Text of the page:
Nigeria loses N39 billion to trailer/tanker crashes – FRSC

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Federal Road Safety Corps (FRSC) on Friday said Nigeria lost N39 billion to trailer/tanker crashes in 2018.

The Corps Marshal, Boboye Oyeyemi, disclosed this at a meeting with Transport Stakeholders in Abuja.

Mr Oyeyemi, who said that the meeting was aimed at addressing sundry issues affecting the transport sector, especially as it related to articulated vehicles, described the loss as ”unpleasant story.”

“This is not a pleasant story; it is a serious matter and loss to the economy; this gory tale is not the best for the country,” he said.

He decried that over 90 per cent of tankers and trailers were over 30 years old, saying that maintenance was a serious matter that needed to be addressed.

“It costs about N50 million to buy a new head for a tanker excluding the body, while registration and insurance would cost about N60 million to put a tanker or trailer on the highway,” he said.

He also said the number of crashes which involved trailers in 2017 was 522 as against 425 in 2018.

“The number of fatal crashes involving trailers in 2017 was 253 as against 169 in 2018. For tankers.

“The number of crashes was 226 in 2017 as against 225 in 2018. The number of fatal crashes in 2017 was 73 as against 90 in 2018.”

The Corps Marshal also said that the damages caused by the articulated vehicles affected roads and the environment and was a major loss.

”As of today, 90 per cent of mobility is on the road because of the vandalisation of pipelines.

”The petroleum products and other products are moved from the seaports to the hinterlands,” he said.

While calling for decisive actions to tackle the problem, Mr Oyeyemi appreciated the effort of the federal government for rail transportation.

Kassim Bataiya, President National Association of Road Transport Owners (NARTO), said accidents involving tankers was disheartening and was a great loss to the economy.

He said Nigeria has had no transport policy for the past 30 years to guide the conduct and behaviour of drivers.

Mr Bataiya urged the corps to involve the legislature and Judiciary in such stakeholders’ meeting to ensure that drivers who caused road crashes were punished.

“We need the Judiciary. Why there are crashes is because there is no punishment. We need offenders to be punished to serve as deterrence to others,” he said.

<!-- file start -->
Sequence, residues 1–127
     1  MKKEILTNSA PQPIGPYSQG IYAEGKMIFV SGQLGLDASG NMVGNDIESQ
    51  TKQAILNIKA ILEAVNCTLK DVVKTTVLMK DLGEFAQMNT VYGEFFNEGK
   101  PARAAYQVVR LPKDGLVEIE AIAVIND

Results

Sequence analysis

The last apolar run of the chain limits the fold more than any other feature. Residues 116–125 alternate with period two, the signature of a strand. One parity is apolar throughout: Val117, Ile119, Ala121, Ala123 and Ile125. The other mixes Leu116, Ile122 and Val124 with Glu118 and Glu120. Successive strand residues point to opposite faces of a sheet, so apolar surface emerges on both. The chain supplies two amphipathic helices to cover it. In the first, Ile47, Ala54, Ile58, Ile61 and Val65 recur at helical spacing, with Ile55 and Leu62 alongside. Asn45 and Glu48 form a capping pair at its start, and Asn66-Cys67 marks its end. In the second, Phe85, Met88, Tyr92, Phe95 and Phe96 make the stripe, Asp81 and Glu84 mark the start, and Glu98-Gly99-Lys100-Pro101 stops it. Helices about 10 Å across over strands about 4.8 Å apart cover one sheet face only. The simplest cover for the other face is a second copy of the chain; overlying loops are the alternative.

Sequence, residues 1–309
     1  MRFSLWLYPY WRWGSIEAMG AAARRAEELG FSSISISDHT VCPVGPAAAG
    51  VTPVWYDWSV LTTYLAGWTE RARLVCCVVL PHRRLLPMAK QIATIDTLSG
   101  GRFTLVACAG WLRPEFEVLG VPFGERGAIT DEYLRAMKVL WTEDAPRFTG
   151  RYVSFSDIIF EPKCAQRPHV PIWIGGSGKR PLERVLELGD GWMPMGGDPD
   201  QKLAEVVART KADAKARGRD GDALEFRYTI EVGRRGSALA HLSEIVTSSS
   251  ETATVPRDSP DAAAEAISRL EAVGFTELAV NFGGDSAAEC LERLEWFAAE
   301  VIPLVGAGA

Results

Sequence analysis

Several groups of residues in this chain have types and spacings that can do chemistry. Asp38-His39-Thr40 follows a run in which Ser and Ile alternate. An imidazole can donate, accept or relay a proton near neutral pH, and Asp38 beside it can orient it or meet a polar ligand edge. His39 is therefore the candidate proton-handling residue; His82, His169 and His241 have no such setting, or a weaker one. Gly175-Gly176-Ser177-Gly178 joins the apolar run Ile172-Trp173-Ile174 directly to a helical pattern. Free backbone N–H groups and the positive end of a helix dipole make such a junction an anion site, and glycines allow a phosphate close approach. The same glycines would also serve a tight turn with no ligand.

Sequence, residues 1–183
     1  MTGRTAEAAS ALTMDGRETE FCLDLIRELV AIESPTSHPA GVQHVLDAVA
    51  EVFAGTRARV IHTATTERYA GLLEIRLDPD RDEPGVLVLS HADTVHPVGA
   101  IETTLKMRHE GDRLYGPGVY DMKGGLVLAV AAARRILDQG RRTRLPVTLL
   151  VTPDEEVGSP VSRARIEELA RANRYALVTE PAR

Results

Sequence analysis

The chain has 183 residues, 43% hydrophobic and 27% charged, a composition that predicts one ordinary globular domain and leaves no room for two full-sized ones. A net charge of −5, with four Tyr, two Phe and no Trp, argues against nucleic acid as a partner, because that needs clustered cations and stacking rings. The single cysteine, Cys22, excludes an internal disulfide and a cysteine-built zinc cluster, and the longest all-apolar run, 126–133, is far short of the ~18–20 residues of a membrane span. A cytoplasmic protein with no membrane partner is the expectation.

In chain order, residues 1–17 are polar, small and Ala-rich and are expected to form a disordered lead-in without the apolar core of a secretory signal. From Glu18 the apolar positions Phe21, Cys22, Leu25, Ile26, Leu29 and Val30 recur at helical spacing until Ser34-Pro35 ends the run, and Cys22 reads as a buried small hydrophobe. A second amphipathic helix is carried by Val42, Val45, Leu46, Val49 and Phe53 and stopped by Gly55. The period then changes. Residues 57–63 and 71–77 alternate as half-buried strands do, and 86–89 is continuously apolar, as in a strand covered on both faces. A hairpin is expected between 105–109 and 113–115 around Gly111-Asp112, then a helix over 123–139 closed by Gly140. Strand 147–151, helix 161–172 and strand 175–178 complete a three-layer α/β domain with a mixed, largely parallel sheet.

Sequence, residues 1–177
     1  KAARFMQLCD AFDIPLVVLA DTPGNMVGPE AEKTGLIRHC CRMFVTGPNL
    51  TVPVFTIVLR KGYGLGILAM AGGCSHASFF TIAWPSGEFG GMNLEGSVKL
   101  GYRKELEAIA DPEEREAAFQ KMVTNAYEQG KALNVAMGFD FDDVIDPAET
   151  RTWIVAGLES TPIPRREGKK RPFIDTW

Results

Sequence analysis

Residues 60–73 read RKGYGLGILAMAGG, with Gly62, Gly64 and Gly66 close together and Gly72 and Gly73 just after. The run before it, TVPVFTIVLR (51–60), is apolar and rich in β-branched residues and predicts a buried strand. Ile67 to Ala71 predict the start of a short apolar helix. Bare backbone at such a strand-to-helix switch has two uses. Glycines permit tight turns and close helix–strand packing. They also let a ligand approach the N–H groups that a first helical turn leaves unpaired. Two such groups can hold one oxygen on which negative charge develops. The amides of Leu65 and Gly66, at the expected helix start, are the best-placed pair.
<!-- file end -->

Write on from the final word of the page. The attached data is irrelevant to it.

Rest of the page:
He also called for Private-Public Partnership for construction of roads across the country.

Salimon Oladiti, National Chairman, Petroleum Tanker Drivers (PTD), said the union had embarked on the n training of tanker drivers with a view to reducing road carnage.

He decried that 75 per cent of tanker crashes occurred at night, saying the union would do its best to check the trend.

President, National Union of Road Transport Workers (NURTW), Najeem Yasim, called on FRSC to ensure more enforcement of driver’s licence to check untrained drivers from plying the roads.

Similarly, President Road Transport Employees Association of Nigeria (RTEAN), Osakpanwan Eriyo, represented by Edi Nwabeze, appealed to FRSC to strictly enforce acquisition of licence by drivers.

(NAN)

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News Agency of Nigeria (NAN) is a news reporting agency owned and run by the Federal Government of Nigeria just like Nigerian Television Authority.[1] On 10 May 1976 the agency was founded and established by Onitsha noble Onuora Nzekwu who was its first official Managing Director and Chief Editor. On 2 October 1978 its operations began.[2][3] NAN provides General News Service to subscribers in three bulletins published daily. The agency’s website www.nan.ng was launched on 8 August 2016, to offer news to the worldwide audience interested in news primarily about Nigeria, Africa’s most populated country. The current Managing Director of NAN is Bayo Onanuga.

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